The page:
KANSAS CITY, Mo. — Nearly 1,000 people died last year in Missouri from a drug overdose, but the demographics are shifting.
"It is a younger crowd that is getting into it, guys fresh out of college," said Micah Haen, the operations director for Welcome House, a residential sober-living and recovery nonprofit in Kansas City, Missouri.
Nationally, the Centers for Disease Control and Prevention said more people died from drug overdoses than car crashes and gun violence combined last year.
A study by First Call and the University of Kansas School of Social Welfare found an increase in drug-overdose deaths in Jackson County, Missouri, and Johnson County, Kansas, with a higher percentage of young people abusing drugs.
Haen said his organization has seen an increased need among Johnson County youth.
"It seems like it is starting earlier and earlier and it does progress quickly," Haen said. "We have had guys come in and been on opioids a year and they have lost everything."
It's a sad, but increasingly common story.
Jo Marie Barnaik, a recovering opioid addict, spoke with 41 Action news about her struggle last summer. She got off probation in April, but that was only after having two of her children taken away as she battled through addiction.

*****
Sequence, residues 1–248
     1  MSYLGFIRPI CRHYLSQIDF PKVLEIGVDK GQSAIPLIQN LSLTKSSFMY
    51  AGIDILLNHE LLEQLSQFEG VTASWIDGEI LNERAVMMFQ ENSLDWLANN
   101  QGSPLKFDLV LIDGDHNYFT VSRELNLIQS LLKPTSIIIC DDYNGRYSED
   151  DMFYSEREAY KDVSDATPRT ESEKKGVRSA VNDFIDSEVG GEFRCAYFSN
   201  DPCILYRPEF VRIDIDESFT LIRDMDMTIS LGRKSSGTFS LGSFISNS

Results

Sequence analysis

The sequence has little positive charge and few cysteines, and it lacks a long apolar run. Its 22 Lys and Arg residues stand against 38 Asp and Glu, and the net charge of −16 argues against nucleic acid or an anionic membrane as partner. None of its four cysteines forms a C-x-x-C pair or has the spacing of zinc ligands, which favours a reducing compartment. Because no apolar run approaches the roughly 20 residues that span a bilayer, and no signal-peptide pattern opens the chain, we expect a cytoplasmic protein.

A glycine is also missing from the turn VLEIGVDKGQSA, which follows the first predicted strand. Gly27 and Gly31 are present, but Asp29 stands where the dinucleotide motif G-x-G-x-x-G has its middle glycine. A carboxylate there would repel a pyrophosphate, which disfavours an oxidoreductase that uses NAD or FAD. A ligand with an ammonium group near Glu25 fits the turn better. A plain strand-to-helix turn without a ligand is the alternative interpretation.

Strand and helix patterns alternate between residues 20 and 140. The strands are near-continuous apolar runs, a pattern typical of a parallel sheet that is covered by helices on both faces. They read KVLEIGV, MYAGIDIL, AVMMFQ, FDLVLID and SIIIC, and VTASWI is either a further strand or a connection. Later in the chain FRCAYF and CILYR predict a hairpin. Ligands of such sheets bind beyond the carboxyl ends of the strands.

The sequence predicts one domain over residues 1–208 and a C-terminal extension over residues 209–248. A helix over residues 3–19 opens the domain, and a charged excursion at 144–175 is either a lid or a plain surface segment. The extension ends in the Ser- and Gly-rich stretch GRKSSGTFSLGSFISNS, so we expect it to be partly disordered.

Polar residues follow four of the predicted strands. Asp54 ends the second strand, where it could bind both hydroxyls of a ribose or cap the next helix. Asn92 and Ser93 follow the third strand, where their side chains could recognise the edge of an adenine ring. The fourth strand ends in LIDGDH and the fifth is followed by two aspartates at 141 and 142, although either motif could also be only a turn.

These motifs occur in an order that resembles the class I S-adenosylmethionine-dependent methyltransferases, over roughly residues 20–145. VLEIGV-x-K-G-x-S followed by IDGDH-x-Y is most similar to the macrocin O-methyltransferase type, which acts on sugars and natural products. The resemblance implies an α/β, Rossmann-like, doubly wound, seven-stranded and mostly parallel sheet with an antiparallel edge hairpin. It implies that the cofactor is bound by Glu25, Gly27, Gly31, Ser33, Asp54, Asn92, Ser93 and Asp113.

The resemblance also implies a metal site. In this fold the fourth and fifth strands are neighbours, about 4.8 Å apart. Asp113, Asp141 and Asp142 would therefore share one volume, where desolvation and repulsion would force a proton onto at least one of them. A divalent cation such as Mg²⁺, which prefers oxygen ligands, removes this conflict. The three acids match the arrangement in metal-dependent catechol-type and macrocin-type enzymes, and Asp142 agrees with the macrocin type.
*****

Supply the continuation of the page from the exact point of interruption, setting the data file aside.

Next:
"Don't be afraid of the consequences," said Barnaik, who has been sober for more than a year. "If you continue to do what you are doing, you will die or the consequences will be worse. I wish I would have asked for help way before I lost my kids."
The federal government is pouring money into states to combat the problem, including $31.5 million this year in federal grants from the U.S. Department of Health and Human Services, which was announced Wednesday by the office of Sen. Roy Blunt (R-Missouri).
Overall, the bill provides $3.8 billion for opioid programs for fiscal year 2019, though today's announcement comes out of a bill passed for the 2018 fiscal year.
"The number one cause of accidental death in America today is drug overdose," Blunt said during debate about the legislation. "This bill provides $3.6 billion towards targeted opioid funding."
Among the grant recipients, the Kansas City Care Clinic and Swope Health Services will both receive more than $280,000, but securing money is only one part of the challenge.
"We see the numbers rising, but we are not seeing those people ask for help," Haen said. "It seems like people are not aware that there is help out there for that."
HHS Deputy Secretary Eric Hargan, HHS Assistant Secretary for Mental Health and Substance Abuse Dr. Elinoire McCance-Katz, and U.S. Surgeon General Jerome Adams will make two appearances Thursday in St. Louis as part of the recently announced Prescription Opioid and Heroin Epidemic Awareness Week from Sept. 16-22.